logo - Join me in the 1900s mid C20th
The webmaster, Pat Cryer, as a young child

Travelling on London buses
in the 1940s and 50s

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Double decker and single decker buses

1940s and 50s red double decker London bus with no doors and a pole to grab onto while climbing onto the bus.

Red double-decker London bus with no doors. Detail from a screenshot of an old film.

1940s and 1950s London bus with only one desk, suitable for routes with low bridges

The 240A bus that took me school in Mill Hill from my home in Edgware when the weather was too bad to cycle. It was a single decker because it had to pass under a low bridge.  The council provided me - and all school children - with a free bus pass because I lived more than 3 miles from the school. Detail from a photograph in London Bus Museum at Brooklands.

Edgware, where I lived in the 1940s and early 1950s, was part of the London Transport area. So all the buses were red. Most were double-deckers, but the 240A bus, which went between Edgware and Mill Hill East. was a single-decker because it had to pass under a low bridge. This was the bus that I took to my second school.

Entrance to a 1940s/1950s red double-decker London bus - small image

Entrance to a red double-decker bus, showing the grab pole, the container for used tickets and the stairs to the top deck. Photographed at the London Transport Museum. (The no-entry sign placed by the museum has been digitally removed to represent the original appearance.)

Click for a larger image which shows more detail.

The buses had no doors, just an open platform with a vertical pole to hold onto while climbing aboard. This meant that passengers could get on and off buses while they were moving, which of course was recognised as unsafe. The trick for getting off a bus before it had quite stopped was to make sure that you were facing the direction of travel. Otherwise you would be knocked over backwards.

The platform of the double decker buses led directly to the stairs to the upper-deck and to the seats on the lower-deck.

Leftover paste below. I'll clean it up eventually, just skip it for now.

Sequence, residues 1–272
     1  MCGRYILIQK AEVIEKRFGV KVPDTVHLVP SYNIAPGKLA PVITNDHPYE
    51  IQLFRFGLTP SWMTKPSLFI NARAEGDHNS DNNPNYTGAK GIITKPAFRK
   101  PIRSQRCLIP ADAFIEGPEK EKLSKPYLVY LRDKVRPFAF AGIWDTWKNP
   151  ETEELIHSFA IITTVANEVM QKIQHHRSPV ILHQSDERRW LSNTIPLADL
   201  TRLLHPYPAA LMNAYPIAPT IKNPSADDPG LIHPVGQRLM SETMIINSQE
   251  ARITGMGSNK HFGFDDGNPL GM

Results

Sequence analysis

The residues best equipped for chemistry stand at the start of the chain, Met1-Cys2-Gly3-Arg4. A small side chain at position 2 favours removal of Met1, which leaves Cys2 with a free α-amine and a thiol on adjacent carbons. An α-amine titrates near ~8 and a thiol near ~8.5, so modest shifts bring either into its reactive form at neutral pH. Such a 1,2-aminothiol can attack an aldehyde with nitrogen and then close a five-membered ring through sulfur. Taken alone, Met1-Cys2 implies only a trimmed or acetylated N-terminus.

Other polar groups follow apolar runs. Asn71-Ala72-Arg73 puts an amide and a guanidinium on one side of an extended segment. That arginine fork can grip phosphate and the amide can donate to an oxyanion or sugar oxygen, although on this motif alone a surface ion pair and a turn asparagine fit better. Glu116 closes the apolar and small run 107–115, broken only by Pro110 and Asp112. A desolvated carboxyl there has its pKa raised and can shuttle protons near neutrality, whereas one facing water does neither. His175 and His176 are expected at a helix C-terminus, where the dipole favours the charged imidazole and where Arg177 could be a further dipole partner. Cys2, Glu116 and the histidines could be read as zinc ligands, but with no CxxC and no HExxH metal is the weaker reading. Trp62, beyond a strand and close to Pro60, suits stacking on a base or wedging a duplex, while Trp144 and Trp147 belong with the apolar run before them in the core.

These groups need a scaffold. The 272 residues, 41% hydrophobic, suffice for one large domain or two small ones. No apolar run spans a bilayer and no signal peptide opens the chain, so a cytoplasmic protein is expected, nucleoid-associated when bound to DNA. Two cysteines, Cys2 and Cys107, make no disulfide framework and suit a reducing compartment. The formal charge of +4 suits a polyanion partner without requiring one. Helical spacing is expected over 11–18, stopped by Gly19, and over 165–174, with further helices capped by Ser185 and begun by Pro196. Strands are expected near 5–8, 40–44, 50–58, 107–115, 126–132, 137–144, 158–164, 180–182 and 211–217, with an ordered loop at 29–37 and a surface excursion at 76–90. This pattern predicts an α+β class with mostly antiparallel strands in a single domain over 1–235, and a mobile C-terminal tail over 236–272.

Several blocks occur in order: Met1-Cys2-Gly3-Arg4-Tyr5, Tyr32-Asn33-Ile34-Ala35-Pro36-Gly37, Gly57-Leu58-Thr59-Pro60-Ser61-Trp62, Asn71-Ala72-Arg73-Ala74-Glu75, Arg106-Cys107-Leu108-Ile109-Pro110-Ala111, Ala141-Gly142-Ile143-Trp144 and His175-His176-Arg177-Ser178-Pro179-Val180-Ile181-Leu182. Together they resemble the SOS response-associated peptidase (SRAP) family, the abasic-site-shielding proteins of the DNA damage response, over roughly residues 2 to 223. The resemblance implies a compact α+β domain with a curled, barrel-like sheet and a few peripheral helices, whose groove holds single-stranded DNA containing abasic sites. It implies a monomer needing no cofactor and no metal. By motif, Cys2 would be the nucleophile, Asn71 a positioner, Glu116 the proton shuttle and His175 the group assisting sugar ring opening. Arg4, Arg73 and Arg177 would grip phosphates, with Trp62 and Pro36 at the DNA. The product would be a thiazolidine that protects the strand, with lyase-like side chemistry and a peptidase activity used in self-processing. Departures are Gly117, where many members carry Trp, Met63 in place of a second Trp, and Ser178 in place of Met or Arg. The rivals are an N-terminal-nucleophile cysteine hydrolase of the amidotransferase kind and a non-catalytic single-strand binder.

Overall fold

Under the stairs was a space for luggage and a lockable compartment for the bus staff.

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Comfort on buses

Having no closing doors and being unheated, the buses were effectively open to the outside, letting in the cold and the fog - although they were an improvement from the buses with no roofs in my mother's childhood of the early 1900s.

In the very cold winters of 1947 and 1963, the condensation iced up the windows, and icicles grew from the ceilings. Some were 6-8 inches long.

I don't know whether any of the icicles ever broke off, but if so it would have been perilous for anyone sitting underneath. As it was, tall passengers had to duck as they moved to a seat.

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Adverts on buses

The eyes advert for Picture Post on 1940s buses

Bus showing the 'eyes' advert for Picture Post. Photo courtesy of Peter Hambrook.

I saw a lot of buses when I was growing up because the Edgware bus terminus was so close to where I lived. My first recollection was of the buses like the one in the photo with the 'eyes'. Every bus seemed to have these eyes. They were actually advertising a magazine, but, as a young child, I didn't realise this and thought that the buses were given eyes, just as my dolls and teddy bears were given eyes. After all, buses needed to see where they were going. I was quite concerned when new adverts eventually replaced the eyes.

'Make do and mend' advert on the side of a bus during WW2

'Make do and mend' advert on the side of a bus. Photographed in London Bus Museum at Brooklands.

Another advert that deserves a place here, although I hardly noticed it at the time, was the 'Make do and Mend' one which aimed to encourage everyone to cope in the rationing and shortages of the Second World War and the years of austerity afterwards.

If you can add anything to this page, I would be pleased to hear from you.

Pat Cryer, webmaster

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